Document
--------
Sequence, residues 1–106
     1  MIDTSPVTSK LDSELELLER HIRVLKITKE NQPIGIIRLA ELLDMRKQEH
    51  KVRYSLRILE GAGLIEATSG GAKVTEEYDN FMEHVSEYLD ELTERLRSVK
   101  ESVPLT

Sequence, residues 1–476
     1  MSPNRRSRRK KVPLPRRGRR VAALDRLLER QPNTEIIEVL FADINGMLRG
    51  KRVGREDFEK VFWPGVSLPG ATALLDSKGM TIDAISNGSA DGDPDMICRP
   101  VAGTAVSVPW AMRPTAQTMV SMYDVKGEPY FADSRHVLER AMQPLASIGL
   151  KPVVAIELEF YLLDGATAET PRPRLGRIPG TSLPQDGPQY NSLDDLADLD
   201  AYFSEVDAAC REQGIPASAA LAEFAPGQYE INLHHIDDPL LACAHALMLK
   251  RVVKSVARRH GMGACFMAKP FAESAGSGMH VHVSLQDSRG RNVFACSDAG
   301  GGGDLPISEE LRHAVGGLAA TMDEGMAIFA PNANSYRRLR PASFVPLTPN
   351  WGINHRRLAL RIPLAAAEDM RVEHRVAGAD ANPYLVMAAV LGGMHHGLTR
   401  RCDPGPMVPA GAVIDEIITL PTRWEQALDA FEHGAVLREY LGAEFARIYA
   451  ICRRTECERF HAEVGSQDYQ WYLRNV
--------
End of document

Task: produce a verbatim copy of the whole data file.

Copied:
Sequence, residues 1–106
     1  MIDTSPVTSK LDSELELLER HIRVLKITKE NQPIGIIRLA ELLDMRKQEH
    51  KVRYSLRILE GAGLIEATSG GAKVTEEYDN FMEHVSEYLD ELTERLRSVK
   101  ESVPLT

Sequence, residues 1–476
     1  MSPNRRSRRK KVPLPRRGRR VAALDRLLER QPNTEIIEVL FADINGMLRG
    51  KRVGREDFEK VFWPGVSLPG ATALLDSKGM TIDAISNGSA DGDPDMICRP
   101  VAGTAVSVPW AMRPTAQTMV SMYDVKGEPY FADSRHVLER AMQPLASIGL
   151  KPVVAIELEF YLLDGATAET PRPRLGRIPG TSLPQDGPQY NSLDDLADLD
   201  AYFSEVDAAC REQGIPASAA LAEFAPGQYE INLHHIDDPL LACAHALMLK
   251  RVVKSVARRH GMGACFMAKP FAESAGSGMH VHVSLQDSRG RNVFACSDAG
   301  GGGDLPISEE LRHAVGGLAA TMDEGMAIFA PNANSYRRLR PASFVPLTPN
   351  WGINHRRLAL RIPLAAAEDM RVEHRVAGAD ANPYLVMAAV LGGMHHGLTR
   401  RCDPGPMVPA GAVIDEIITL PTRWEQALDA FEHGAVLREY LGAEFARIYA
   451  ICRRTECERF HAEVGSQDYQ WYLRNV